It is now more than 20 years since the first call for action on climate change at the Earth Summit butthe scale of progress to date has been uninspiring. Numerous attempts have been made by the international community to negotiate a cooperative approach to tackling not only climate-related issues but also the funding to achieve these. It has been reiterated again and again that this needs to be viewed as both fair and feasible while consistent with the principle of ‘common but differentiated responsibilities and respective capacities’. The focus has remained solely and consistently on greenhouse gas emissions, particularly carbonrelated. Proposals to date have predominantly relied on pledges, that is, voluntary contributions or targets, which are also voluntary. Yet the issue is acknowledged to be broader than this, affecting ecosystems and biodiversity, land use changes and land management activities. Initiatives regarding international payments for ecosystem services are increasingly being adopted. The reduced emissions from deforestation and forest degradation (REDD) scheme is an example of an incentivized system but its focus is nevertheless still on reducing emissions. The concept of a ‘global natural resource consumption tax’, which we explore in this chapter, takes a holistic view of the environment and makes all nations accountable for their use of environmental resources.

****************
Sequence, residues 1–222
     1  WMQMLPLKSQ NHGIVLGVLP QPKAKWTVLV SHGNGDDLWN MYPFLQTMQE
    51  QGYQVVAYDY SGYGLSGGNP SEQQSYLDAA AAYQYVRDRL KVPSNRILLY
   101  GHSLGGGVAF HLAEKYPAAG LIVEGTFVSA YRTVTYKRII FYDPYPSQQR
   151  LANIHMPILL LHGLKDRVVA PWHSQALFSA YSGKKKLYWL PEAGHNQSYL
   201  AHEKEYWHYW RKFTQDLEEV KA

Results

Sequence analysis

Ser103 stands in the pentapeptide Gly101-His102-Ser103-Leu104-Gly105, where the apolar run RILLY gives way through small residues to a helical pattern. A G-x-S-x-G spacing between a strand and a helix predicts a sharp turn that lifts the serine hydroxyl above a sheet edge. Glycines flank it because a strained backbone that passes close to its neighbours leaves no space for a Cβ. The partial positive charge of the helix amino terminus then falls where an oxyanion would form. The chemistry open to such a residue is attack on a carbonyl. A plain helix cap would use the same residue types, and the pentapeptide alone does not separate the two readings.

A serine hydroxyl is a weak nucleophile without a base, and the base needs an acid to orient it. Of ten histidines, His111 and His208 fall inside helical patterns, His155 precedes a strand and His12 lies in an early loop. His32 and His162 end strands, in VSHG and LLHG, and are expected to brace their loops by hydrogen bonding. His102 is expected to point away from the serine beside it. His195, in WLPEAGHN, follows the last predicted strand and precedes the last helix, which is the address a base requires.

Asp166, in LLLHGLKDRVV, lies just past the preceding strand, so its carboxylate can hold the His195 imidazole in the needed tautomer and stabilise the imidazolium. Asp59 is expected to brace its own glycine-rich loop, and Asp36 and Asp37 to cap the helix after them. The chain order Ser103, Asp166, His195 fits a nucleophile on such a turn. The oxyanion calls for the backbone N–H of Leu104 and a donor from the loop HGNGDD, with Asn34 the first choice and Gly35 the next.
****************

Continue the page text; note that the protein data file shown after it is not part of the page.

Seck L. Tan